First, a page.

|Average Broadband Speed 'Less Than Half That Advertised'|
Ofcom finds inconsistencies with some Internet Service Providers' claims
Average download speeds remain less than half of ‘up to’ speeds advertised by some Internet Service Providers (ISPs), particularly for broadband delivered via a phone line.
New Ofcom research shows that the average broadband speed in November / December 2010 was 6.2Mbit/s – less than half (45 per cent) of the average advertised broadband speed of 13.8Mbit/s.
The findings come as Ofcom submits its response to the current Committee for Advertising Practice (CAP) and Broadcast Committee for Advertising Practice (BCAP) consultation on broadband speeds advertising.
Ofcom is recommending that if speeds are used in broadband advertising they should be based on a Typical Speeds Range (TSR), so consumers have a clearer idea of what speeds to expect.
Ofcom also recommends that the TSR must have at least equal prominence to any maximum ‘up to’ speed, and that a maximum speed must be used only if it is actually achievable in practice by a material number of consumers.
Next-generation superfast broadband services – available to a growing number of households – are significantly faster than current generation services.
Broadband services delivered by fibre-to-the-cabinet were measured for the first time and, along with cable services, delivered faster average speeds much closer to advertised speeds than was the case for current-generation broadband technologies.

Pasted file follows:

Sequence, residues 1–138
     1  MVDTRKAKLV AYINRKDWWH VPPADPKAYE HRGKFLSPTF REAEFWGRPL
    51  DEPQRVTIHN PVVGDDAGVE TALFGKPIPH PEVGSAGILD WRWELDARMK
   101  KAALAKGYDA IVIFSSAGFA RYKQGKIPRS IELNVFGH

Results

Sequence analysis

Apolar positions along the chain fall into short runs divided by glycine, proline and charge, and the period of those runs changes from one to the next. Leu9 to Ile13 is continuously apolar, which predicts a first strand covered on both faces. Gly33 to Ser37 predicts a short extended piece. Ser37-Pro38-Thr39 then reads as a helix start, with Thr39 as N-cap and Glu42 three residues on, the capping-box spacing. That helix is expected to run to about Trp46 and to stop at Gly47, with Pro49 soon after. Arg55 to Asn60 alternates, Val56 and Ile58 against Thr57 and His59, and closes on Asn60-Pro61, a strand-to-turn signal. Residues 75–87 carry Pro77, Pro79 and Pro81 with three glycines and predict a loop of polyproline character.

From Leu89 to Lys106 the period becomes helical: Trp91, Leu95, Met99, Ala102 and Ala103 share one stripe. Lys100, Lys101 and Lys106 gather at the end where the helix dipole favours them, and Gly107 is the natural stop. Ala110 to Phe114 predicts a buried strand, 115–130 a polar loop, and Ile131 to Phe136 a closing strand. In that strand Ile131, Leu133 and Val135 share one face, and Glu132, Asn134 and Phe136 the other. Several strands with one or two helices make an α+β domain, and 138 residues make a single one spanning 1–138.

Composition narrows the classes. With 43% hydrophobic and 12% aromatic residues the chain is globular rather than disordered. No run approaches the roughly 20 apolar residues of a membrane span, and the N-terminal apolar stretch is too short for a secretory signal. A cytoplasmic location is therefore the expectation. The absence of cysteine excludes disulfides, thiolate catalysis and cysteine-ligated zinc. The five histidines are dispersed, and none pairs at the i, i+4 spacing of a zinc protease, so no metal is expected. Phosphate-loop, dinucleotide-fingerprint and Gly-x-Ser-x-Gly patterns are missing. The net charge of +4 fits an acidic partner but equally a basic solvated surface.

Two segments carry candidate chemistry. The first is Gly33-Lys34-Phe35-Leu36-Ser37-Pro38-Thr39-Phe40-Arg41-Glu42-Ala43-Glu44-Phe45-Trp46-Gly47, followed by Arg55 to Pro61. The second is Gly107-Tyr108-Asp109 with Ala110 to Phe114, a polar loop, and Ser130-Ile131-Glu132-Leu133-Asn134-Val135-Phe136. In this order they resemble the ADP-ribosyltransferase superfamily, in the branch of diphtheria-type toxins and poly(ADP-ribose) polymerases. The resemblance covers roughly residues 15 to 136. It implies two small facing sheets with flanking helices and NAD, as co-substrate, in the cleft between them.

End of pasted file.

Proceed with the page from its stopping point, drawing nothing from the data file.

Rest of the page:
The research looked at 11 packages provided by the seven largest ISPs in the market, representing over 90 per cent of residential broadband subscribers in the UK.
Over 18 million separate service performance tests were carried out in over 1,700 homes during November and December 2010.
Voluntary Broadband Speeds Code of Practice
The new, strengthened Code of Practice comes into force in July 2011.
ISPs who have signed up to the Code have committed to explain to new customers the access line speed they are likely to achieve at home, and to try to resolve problems for those customers whose access line speed is significantly below the estimate provided.
If the problem cannot be resolved, then customers will be able to leave their provider within the first three months of their contract without penalty.
’Clear and accurate information’
Ofcom Chief Executive, Ed Richards, said: "It is encouraging that new technologies are being rolled out across the UK and faster speeds are being achieved. However, the research shows that ISPs need to do more to ensure they are giving customers clear and accurate information about the services they provide and the factors that may affect the actual speeds customers will receive.
"It is important that the rules around broadband advertising change so that consumers are able to make more informed decisions based on the adverts they see, and that advertisers are able to communicate more clearly how their products compare to others in the market."
March 2, 2011